(2) Tasks that may be completed during investigations that proceed beyond preliminary reconnaissance include:

(i) Consult with experts in building design and construction, fire protection engineering, emergency evacuation, and members of other investigation teams involved in the event to identify technical issues and major hypotheses requiring investigation.

(ii) Collect data from the building(s) owner and occupants, local authorities, and contractors and suppliers. Such data will include relevant building and fire protection documents, records, video and photographic data, field data, and data from interviews and other oral and written accounts from building occupants, emergency responders, and other witnesses.

(iii) Collect and analyze physical evidence, including material samples and other forensic evidence, to the extent they are available.

(iv) Determine the conditions in the building(s) prior to the event, which may include the materials of construction and contents; the location, size, and condition of all openings that may have affected egress, entry, and fire conditions (if applicable); the installed security and/or fire protection systems (if applicable); the number of occupants and their approximate locations at the time of the event.

(v) Reconstruct the event within the building(s) using computer models to identify the most probable technical cause (or causes) of the failure and the uncertainty(ies) associated with it (them). Such models may include initial damage, blast effects, pre-existing deficiencies and phenomena such as fire spread, smoke movement, tenability, occupant behavior and response, evacuation issues, cooperation of security and fire protection systems, and building collapse.

(vi) Conduct small and full-scale experiments to provide additional data and verify the computer models being used.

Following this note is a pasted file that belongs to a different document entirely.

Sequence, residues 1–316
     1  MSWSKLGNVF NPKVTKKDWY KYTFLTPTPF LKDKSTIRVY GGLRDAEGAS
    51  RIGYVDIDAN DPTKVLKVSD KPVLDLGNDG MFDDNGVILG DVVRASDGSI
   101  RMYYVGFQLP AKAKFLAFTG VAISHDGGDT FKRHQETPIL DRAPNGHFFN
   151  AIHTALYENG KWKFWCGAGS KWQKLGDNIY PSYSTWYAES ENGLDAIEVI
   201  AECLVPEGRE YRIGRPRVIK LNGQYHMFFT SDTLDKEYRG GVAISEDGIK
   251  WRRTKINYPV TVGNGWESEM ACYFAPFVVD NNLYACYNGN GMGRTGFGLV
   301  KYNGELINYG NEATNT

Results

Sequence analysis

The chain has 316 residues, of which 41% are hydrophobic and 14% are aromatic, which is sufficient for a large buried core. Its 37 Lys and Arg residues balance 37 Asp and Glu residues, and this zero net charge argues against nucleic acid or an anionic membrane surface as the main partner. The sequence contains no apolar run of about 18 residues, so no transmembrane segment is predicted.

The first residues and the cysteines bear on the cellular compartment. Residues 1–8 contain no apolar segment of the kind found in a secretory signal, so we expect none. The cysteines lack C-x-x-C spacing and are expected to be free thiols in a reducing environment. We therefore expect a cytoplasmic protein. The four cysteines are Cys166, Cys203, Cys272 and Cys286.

(vii) Examine the impact of alternate building/system/equipment design and use on the survivability of the building and its occupants.

(viii) Analyze emergency evacuation and occupant responses to better understand the actions of the first responders and the impediments to safe egress encountered by the occupants.

(ix) Analyze the relevant building practices, including code adoption and enforcement practices, to determine the extent to which the circumstances that led to this building failure have regional or national implications.

(x) Identify specific areas in building and fire codes, standards, and building practices that may warrant revisions based on investigation findings.

(xi) Identify research and other appropriate actions required to help prevent future building failures.

(d) If a disaster site contains multiple building failures, the Director will narrow the scope of the investigation plan taking into account available financial and personnel resources, and giving priority to failures offering the most opportunity to advance the safety of building codes. The Director may consider the capabilities of NIST in establishing priorities.

[68 FR 66704, Nov. 28, 2003, as amended at 69 FR 33571, June 16, 2004]